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How to Write a Virus Program_begginers

How to Write a Virus Program_begginers



|Views: 56,439|Likes:
Published by Still Bligha
Still want to learn virus Philosphy..::yao:: this is for begginers but you need more computer architecture technics...
Still want to learn virus Philosphy..::yao:: this is for begginers but you need more computer architecture technics...

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Published by: Still Bligha on Nov 12, 2008
Copyright:Attribution Non-commercial


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From AlGerIA With L0V3
byThe Cheshire Cat!!!!!!!!!!!!!!!!!!!!!!!!!!!!!!!!!!!!!!!!!!!!!!!!!!!!!!!!!!!!!!!!!!!!!!!!!!!!For people who have nothing else to do but cause unprecidented havocon other peoples systems, this is something you should read. To beginwith, I'd like to explain briefly to the ignorant readers of this, whatexactly a virus program is. A virus program is in the genre of tapeworm,leech, and other such nasty programs. I will show clearly, one possibleapplication of it, on an Apple system, and I will demonstrate how easilythis little pest could lead to wiping out most of someone's importantdisks. Here we go!One day, while I had little else to do, I was reading an computingarticle in some obscure science magazine. As it happened, the articlediscussed a growing problem in the computer community about the dangerof virus programs. Someone quoted in the article said that they wrotea very simple virus program and put it on the univerisity computer asa test. All the program did was l}iook through the computers memory,and devices (tape drives, hard drives, etc...) for stored programs, andwhen it found one, it would search through the program for itself. Ifit didn't find anything, it would find an empty spot in the program, andimplant itself. This may not sound too exciting, but this little programwas actually part of another program (maybe a word processor, or spread-sheet, or maybe even zaxxon) and whenever someone ran that program, andexecuted the little virus stuck inside it, the virus would stop programexecution (for a time period that even us humans wouldn't notice) and doits little job of infecting other programs with itself. This exampleof a virus was harmless, but even so, after only 4 hours the whole systemhad to be shutdown and the whole memory core dumped because the virus hadbegun to fill up too much space and it was using up all the mainframe'stime. I don't think it would have been so easy if this professor hadjust done this experiment on his own and had not got permission or toldanyone about it. Think of the havoc!!Well, that has taken up too much time discussing already, so I'lladd only one more thing before we get down to business, that REALviruses are extemely BAD. They usually are designed as time bombs thatstart erasing disks, memory, and maybe even backups or the operatingsystem after they have been run so many times, or after a certain dateis reached. Someone did this to a bank one time (and by the way he wasnever caught!) He was given the task of designing their operating systemand security, and he decided he wasn't getting paid enough, so he devisedhis own method of compensation. Every so often, the computer would steala certain amount of money from the bank (by just CREATING it electronic-ally) and would put it in an account that didn't exist as far as the bankor the IRS or anybody knew, and whenever this guy wanted, he went tothe bank and withdrew some money. They aren't sure how he did it, buthe probably visited the electronic teller as often as possible. As Isaid, the authorities still haven't found him, but after several yearsof his leech program being in service, it "expired." They assume thathe set it up to destroy itself after so long, and when this littleprogram was gone, the bank suddenly was missing several million dollars.Now, I wouldn't recommend doing this sort of thing, but then again, whosaid crime doesn't pay?Now to discuss the application of this to a Personal Computer isvery simple. When I decided to do this, I figured it would be easiestto stick my program in the DOS, so that I would always know where to putanother copy of my virus while it was reproducing itself, and that it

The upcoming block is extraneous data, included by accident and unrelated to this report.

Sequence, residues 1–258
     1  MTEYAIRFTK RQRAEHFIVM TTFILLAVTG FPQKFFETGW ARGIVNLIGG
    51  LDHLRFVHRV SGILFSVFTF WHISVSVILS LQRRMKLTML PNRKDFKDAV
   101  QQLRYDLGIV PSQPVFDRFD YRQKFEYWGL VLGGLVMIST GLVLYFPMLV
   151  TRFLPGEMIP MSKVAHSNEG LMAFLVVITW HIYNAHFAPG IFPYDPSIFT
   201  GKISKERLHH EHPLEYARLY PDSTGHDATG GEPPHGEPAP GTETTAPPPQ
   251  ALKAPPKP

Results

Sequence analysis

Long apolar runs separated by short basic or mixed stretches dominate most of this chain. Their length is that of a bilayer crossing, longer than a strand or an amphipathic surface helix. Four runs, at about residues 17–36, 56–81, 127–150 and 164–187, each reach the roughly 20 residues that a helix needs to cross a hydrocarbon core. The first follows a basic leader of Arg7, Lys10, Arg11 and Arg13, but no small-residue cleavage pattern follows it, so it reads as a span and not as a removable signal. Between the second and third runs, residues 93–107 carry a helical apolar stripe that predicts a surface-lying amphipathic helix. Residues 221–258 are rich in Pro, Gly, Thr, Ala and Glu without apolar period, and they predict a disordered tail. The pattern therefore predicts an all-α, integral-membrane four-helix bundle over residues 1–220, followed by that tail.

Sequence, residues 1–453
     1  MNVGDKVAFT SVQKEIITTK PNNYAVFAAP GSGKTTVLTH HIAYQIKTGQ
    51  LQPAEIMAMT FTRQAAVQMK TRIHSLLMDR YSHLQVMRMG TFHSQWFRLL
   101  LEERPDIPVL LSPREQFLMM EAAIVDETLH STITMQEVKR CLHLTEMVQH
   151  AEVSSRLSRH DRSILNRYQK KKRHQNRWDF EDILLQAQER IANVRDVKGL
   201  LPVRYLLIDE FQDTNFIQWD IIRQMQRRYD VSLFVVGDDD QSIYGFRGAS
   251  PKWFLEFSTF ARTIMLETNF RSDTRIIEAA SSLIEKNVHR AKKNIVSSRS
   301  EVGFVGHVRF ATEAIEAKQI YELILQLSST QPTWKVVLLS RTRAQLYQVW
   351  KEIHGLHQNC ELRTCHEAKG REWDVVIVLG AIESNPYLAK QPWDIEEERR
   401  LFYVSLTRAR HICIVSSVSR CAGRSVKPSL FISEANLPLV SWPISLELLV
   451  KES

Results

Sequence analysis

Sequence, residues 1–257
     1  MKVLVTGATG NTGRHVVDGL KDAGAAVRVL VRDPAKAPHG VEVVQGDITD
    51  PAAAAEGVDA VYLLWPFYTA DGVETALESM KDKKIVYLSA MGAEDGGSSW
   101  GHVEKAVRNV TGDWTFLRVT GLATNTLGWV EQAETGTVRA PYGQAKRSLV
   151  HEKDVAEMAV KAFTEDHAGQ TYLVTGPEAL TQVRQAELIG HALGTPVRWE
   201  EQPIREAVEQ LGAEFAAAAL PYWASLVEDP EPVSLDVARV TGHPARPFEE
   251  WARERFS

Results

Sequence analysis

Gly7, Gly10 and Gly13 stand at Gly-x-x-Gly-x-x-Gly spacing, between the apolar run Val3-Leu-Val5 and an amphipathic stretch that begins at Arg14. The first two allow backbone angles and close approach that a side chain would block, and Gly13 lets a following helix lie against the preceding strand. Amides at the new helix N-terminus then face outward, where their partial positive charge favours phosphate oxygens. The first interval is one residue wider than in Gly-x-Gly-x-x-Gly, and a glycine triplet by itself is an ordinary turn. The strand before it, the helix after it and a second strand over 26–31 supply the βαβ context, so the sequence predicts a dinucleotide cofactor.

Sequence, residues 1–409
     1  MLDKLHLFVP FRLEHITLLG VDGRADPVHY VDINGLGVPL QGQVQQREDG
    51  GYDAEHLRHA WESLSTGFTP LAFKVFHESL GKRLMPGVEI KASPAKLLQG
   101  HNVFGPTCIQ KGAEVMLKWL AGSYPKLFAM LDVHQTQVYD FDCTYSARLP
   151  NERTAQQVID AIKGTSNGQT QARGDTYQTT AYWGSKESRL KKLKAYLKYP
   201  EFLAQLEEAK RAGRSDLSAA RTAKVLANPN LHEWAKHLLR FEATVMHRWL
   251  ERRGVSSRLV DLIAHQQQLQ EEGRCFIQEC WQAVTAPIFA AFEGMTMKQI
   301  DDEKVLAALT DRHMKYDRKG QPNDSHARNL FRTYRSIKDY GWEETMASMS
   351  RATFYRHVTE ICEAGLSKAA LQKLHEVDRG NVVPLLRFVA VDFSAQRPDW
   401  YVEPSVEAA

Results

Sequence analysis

would be easier to explain why the disk drive is running when it startsto initialize your disks. For those who have a copy of Beneath Apple DOSit would be easy to find the space to put in the program. If you don't,I tell you a few places that are not used (or where you can put it andit won't be noticed) but I'd recommend getting the book anyways - it'san excellent tool for doing these sort of things, and useful even if youdon't. As suggestions for where to put it (if you choose to infect DOS),you could use BCDF-BCFF which is still unused, or BFD9-BFFF, which WASunused, but has since been used in updates of DOS. Likewise, I wouldalso suggest using space taken up by junk like LOCK or UNLOCK commands.Who the hell ever uses them? Think about it, when was the last time youused the lock command? Get real. If you don't like that, how aboutMAXFILES. I've only used that in a program once in my entire life. Iknow people who couldn't even tell you what it does. That would make mefeel safe about sticking a virus there.But now comes the part that will be harder for the inexperienced,but easier as long as you know what you're doing. By the way, you'vebeen TOTALLY wasting your time reading this if you don't understandassembly, because you HAVE TO in order to accomplish a task such as this.But, don't fret, you could insert a little BASIC code into some dumbutility (like an program whose only function is to initialize disks) thatwould put itself on the disk, as it initializes it (probably as the helloprogram) and would work from that aspect. Of course, it would be easierfor a less experienced person to detect, but who really cares!As I was saying, however, you now have to write the code. If youwork in an area where you are limited memorywise (like I did) it can gettough at times. The only way I got through it was by referring todocumented listings of all of DOS that I got somewhere, and using bitsand pieces of routines from other things as much as I could. When Iwas done, I had a copy of DOS that when it was booted into the computer,would work completely properly (except for maybe some bizarre circum-stances that I didn't bother testing for), but when someone CATALOGed adisk, it did a few different things. It would first load up the VTOC asusual, but then it would jump to MY routine. In this instance, it wasvery easy to use the VTOC which contains many unused bytes to house mycounter. I would increment it, check if it was time to destroy the disk,and then execute an INIT, or just save the VTOC. Then it would savethree more sectors to the disk. One was the place where DOS branched tomy routines, the others were my actual routine. And thus was born avirus. I guarentee that if anyone has experienced a problem with theirdisks, it was not my fault because I have not yet implemented the virus.No one has pissed me off enough to warrant its use. Even worse is thefact that it could backfire (after being distributed across the country,I don't doubt I'd end up with it also) because not only was it very wellplanned, but you don't even notice any sort of a pause. The virusexecutes itself so fast that there is little more than a microsecond ofa pause while the catalog is going on. I tried comparing it to a normalcatalog, and found I couldn't tell the difference. The only way thisthing wouldn't work is if the disk it was cataloging wasn't DOS 3.3, andif that happened, it would probably screw the disk anyways. I knowthere are people who will abuse this knowledge, so you may wonder why Ieven bothered writing it. The fact is that it isn't important to shieldpeople from this knowledge, what is important is for people to know thatcan be done, and perhaps find a way to prevent it. Just consider whatwould happen if someone starting putting a virus in a DDD ][.2. First ofall, everyone would get a copy of it and use it. Only a few would bethat interested to check what these new updates to it were. And perhapswithin a month, whenever you tried to unpack a program, it would insteadinitialize the disk with your file on it. So, like I said, beware ofthose that would jeapordize themselves and would do such a thing. Ofcourse, I wouldn't hesitate to drop my "bomb" on a few leech friends ofmine who don't have modems, but thats a different story. I don't haveto worry too much about getting the "cold" back from them. They'll betoo screwed up to worry about trading disks. Well, I've said too much